The length of time it takes to see the benefits of prescribed burns varies, depending on the objectives for burning in the first place. For example, an immediate benefit is the reduction of threat from wildfires (and intensity if they do occur) due to a reduction of fuel. On the other hand, if the intention is to restore a specific native grass to the area, this could take several years.
How often a section of woodland is designated for prescribed burn depends on that particular ecosystem and the desired objectives.
“We try to keep most of our forest land on a three- to five-year rotation,” says Saddler. “If you don’t do this, you get a lot of fuel build up, and that changes the ecosystem. We try to burn a pine savannah every one to three years, but a scrub area might only be burned every 10 years. Frequency varies depending on the type of land and the objectives.”
How It’s Done
In Florida, many prescribed burns are conducted during the winter months when cooler weather helps protect the trees in the burn area. This is also a time when cold fronts frequently come through, making the weather immediately after the front more predictable and with lower humidity, which is ideal for burning.
Plenty of planning goes into every prescribed burn before a single spark is ignited.
Fire management experts view the site, decide which type of fire is needed and write a burn plan.
Wait a minute. Isn’t fire, well, fire? Not exactly.
The professionals know how to create “cool” fires that burn slowly and with less intensity or “hot” fires that burn rapidly and intensely.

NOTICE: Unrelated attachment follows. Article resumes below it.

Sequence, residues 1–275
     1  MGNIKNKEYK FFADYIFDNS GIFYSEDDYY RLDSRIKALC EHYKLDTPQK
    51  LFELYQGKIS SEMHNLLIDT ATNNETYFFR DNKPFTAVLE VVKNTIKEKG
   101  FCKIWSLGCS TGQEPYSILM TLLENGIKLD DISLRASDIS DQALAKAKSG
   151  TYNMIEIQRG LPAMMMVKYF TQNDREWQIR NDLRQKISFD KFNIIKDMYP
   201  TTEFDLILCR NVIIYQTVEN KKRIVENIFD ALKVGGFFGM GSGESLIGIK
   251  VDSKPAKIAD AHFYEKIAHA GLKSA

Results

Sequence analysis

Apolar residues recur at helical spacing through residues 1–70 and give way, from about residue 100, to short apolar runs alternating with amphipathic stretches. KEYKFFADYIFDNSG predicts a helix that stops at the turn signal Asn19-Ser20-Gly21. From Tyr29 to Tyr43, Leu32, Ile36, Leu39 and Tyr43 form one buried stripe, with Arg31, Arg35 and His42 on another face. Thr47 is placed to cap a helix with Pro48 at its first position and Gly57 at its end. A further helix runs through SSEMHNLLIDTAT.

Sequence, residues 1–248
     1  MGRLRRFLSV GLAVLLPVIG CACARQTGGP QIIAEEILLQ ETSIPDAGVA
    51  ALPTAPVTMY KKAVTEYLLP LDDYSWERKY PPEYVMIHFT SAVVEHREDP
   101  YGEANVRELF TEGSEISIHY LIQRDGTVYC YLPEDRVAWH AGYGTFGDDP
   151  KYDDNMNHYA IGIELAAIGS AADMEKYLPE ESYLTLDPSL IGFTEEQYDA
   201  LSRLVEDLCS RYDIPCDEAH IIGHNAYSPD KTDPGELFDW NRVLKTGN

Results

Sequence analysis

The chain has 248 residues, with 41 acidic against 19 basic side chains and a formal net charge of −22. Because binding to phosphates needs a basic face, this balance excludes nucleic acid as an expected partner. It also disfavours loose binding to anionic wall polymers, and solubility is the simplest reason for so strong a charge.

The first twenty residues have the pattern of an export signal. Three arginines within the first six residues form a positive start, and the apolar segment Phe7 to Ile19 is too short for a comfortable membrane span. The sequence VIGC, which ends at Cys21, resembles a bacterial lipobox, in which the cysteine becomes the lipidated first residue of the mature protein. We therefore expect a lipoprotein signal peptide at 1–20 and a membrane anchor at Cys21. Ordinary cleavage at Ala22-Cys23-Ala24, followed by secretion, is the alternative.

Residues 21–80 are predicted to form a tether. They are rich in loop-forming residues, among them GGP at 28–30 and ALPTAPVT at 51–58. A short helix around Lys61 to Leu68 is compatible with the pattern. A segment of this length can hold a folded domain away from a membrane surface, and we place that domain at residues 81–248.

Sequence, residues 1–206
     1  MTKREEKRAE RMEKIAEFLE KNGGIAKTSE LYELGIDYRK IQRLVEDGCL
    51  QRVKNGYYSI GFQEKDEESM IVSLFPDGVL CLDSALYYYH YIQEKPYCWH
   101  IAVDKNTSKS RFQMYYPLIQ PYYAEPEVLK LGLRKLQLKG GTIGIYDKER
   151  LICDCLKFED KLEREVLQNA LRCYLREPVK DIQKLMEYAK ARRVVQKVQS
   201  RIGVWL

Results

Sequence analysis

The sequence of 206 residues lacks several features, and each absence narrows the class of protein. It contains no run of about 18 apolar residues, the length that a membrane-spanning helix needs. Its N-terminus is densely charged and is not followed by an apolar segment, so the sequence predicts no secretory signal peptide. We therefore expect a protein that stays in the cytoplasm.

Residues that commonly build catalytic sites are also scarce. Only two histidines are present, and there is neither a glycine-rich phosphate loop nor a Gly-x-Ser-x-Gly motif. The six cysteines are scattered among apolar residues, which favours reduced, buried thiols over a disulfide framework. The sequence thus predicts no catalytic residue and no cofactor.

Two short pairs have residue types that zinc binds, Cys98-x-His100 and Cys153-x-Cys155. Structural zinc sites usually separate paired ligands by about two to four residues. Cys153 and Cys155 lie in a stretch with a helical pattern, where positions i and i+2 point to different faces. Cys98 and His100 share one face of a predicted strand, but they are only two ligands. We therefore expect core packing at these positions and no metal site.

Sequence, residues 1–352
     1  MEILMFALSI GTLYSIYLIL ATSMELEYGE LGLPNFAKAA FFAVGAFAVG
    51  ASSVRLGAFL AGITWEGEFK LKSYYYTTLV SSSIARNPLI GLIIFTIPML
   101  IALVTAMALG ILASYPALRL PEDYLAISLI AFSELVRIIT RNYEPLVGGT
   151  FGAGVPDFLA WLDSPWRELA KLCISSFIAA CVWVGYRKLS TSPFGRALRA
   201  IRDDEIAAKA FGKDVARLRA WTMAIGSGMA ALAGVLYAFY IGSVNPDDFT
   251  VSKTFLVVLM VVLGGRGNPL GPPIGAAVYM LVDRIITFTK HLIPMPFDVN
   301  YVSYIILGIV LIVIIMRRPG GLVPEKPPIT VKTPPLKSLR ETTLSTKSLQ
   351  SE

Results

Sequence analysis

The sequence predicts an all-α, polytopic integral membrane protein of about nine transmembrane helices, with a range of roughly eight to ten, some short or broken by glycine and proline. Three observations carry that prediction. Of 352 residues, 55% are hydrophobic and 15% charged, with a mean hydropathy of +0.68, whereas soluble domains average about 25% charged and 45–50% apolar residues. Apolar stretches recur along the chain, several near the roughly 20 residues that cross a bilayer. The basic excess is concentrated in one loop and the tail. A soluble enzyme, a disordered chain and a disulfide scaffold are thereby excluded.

“If you have an area that hasn’t seen fire in a long time, you want to start with a cooler fire, not a hot fire initially, because there will be a lot of fuel,” notes Saddler.
The fire-management team also takes into consideration surrounding populated areas and how they will be affected by the burn.
“It’s very important to know where the smoke will go,” says Saddler, explaining that they use a process called “smoke modeling” (or “smoke screening”) to determine this. Using computer technology and weather forecast data, the burn team can see a predicted smoke plume for the area they plan to burn.
“If there’s a town, school, hospital or roadway, we don’t want smoke in those areas for health and visibility reasons. If we need a particular wind direction to keep smoke from going toward certain areas, this helps us determine which day to burn.
“Although it’s inconvenient to deal with smoke from a prescribed fire, it’s not as bad as it would be from a wildfire,” he points out. “We really do our best to minimize the impact from smoke, but we’re trying to maintain a healthy forest, and, in Florida, that requires burning.”
Before conducting a burn, fire managers also check existing firebreaks (creeks, rivers, roads, previously harrowed firelines, etc.) to be sure they are adequate to contain the blaze. Ideally, they use a natural firebreak, which may be a creek or dirt road, as the starting point.
“We start a small test fire to make sure the smoke is going in the direction we want and the fire is burning in a way that will meet our objectives,” says Saddler. “If this test fire checks out, we continue lighting what we call a ‘baseline’ along the downwind edge of the area to be burned. The fire widens this area, increasing the width of the firebreak on the downwind side. We call this a ‘backing’ fire.”